Big Ten

Northwestern seniors cement legacy with second 10-win season


Northwestern seniors cement legacy with second 10-win season

The accomplishment can’t really be understated.

There are college football programs, a good number of them, where a double-digit-win season isn’t something to get terribly excited about. It’s the norm. And maybe one day, that will apply to Northwestern. But on the road to being that type of program, winning 10 games in a single season is an important step, it’s an exciting step. And for the fourth time in the history of the Northwestern football program, the Cats are 10-game winners.

Saturday’s win over Illinois was victory No. 10 on this season, the 2015 team matching what has only been done by a Wildcats team in 1903, 1995 and 2012.

Pat Fitzgerald was a player on that 1995 team. He coached that 2012 team. Now he’s coached half the 10-game winners in school history, a shining example of how far he’s brought a program that used to be the Big Ten’s laughingstock. Now that former laughingstock boasts a senior class that’s won 10 games twice in their careers. Not bad. Not bad at all.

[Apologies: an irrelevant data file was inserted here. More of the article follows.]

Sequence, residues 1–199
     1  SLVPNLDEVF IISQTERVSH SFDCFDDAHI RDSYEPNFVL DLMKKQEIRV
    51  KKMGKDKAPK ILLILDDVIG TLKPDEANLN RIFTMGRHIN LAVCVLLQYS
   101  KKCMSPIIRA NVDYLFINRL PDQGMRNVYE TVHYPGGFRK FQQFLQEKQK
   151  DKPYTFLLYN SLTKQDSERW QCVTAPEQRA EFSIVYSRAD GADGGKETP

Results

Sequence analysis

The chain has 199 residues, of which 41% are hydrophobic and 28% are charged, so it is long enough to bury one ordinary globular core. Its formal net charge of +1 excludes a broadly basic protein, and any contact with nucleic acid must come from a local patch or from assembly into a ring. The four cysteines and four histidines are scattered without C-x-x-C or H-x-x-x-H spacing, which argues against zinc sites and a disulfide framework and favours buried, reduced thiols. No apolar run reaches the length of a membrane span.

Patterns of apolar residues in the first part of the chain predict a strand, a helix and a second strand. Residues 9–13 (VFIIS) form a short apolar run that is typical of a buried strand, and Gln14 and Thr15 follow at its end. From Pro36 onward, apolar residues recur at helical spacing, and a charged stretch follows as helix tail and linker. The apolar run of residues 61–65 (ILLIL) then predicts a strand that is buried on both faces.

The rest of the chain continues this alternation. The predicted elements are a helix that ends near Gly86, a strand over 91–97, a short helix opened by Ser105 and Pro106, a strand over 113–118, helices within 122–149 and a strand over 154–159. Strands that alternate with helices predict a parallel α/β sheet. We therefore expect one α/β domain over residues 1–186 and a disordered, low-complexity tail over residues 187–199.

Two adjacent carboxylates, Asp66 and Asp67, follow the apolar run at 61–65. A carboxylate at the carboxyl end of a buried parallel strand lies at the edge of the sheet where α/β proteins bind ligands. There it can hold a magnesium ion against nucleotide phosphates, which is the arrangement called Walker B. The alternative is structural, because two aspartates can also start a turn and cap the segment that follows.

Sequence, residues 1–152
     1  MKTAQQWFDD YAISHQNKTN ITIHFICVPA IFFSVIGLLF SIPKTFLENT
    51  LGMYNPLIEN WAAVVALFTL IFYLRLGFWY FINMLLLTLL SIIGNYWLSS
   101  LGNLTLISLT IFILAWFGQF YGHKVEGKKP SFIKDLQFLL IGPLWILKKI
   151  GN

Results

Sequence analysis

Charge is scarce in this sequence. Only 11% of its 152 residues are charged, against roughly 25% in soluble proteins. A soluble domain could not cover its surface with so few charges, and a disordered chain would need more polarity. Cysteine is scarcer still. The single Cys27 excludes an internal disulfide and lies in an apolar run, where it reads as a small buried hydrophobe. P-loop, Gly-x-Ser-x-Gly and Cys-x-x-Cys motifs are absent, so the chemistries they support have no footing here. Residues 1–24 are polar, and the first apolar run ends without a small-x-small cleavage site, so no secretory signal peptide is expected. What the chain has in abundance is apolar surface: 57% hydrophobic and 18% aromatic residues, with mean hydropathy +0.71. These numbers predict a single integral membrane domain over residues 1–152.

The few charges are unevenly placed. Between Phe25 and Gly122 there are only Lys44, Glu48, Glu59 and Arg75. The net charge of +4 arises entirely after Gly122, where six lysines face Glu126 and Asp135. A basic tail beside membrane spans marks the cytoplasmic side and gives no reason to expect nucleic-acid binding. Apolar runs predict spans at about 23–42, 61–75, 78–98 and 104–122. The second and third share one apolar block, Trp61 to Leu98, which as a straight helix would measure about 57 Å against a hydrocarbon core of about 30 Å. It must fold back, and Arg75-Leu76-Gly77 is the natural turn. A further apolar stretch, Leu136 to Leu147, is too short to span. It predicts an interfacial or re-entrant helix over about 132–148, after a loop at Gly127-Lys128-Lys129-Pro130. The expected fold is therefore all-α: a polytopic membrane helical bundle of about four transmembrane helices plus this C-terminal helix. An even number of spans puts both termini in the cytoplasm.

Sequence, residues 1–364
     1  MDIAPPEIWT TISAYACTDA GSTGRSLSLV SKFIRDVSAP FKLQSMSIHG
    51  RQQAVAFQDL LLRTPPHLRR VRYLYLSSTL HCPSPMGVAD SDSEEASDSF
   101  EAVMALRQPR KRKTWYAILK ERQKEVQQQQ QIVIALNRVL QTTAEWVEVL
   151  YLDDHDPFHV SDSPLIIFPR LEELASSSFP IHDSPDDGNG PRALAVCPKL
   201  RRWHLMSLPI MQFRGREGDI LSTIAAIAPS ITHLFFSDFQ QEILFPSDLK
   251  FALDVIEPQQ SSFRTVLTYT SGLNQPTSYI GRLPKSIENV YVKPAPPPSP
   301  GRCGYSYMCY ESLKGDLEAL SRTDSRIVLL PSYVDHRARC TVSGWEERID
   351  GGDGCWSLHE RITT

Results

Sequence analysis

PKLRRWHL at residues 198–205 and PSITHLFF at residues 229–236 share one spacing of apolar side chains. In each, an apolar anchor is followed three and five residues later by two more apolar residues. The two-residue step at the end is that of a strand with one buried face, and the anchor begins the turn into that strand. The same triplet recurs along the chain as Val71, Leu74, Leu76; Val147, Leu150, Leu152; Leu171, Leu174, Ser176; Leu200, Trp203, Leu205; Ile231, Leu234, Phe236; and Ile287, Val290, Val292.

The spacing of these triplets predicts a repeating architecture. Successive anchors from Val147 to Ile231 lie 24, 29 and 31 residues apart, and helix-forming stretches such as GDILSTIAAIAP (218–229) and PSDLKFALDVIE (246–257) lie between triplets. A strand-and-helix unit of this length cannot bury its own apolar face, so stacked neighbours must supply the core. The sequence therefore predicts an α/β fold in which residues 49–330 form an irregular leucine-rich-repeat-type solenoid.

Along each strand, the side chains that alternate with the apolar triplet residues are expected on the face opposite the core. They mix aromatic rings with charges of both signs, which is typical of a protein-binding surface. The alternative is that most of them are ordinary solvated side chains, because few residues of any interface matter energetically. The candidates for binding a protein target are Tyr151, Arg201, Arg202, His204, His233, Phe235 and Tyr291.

“Really proud of our seniors,” Fitzgerald said after Saturday’s win at Soldier Field. “They’ve been through a ton over the last two years. And to finish today a season that really is on their shoulders. They’ve been the ones that have gotten our values back, reestablished our standards, and to go to 10 wins in the regular season is something that’s very special.”

[MORE BIG TEN: Northwestern beats Illini for 10th win of season]

Northwestern got here after back-to-back five-win seasons, seasons those present-day seniors also played through, seasons that straddled that union movement that might have had a bigger effect on the team than most let on.

Those seniors witnessed the highs during their first season. They witnessed the lows during the past two. Now the highs are back again, and the group has earned the right to soak it all in.

“It’s incredible. I think it says a lot about the guys and the maturity and the leadership that that group had. We’ve been through it all,” super back Dan Vitale said. “We’ve been through great seasons, we’ve been through two not-so-good seasons. So we’ve really been through it all, and I think the leadership and the qualities we’ve developed the last couple years here really came to the forefront. We were able to do something incredible this season.”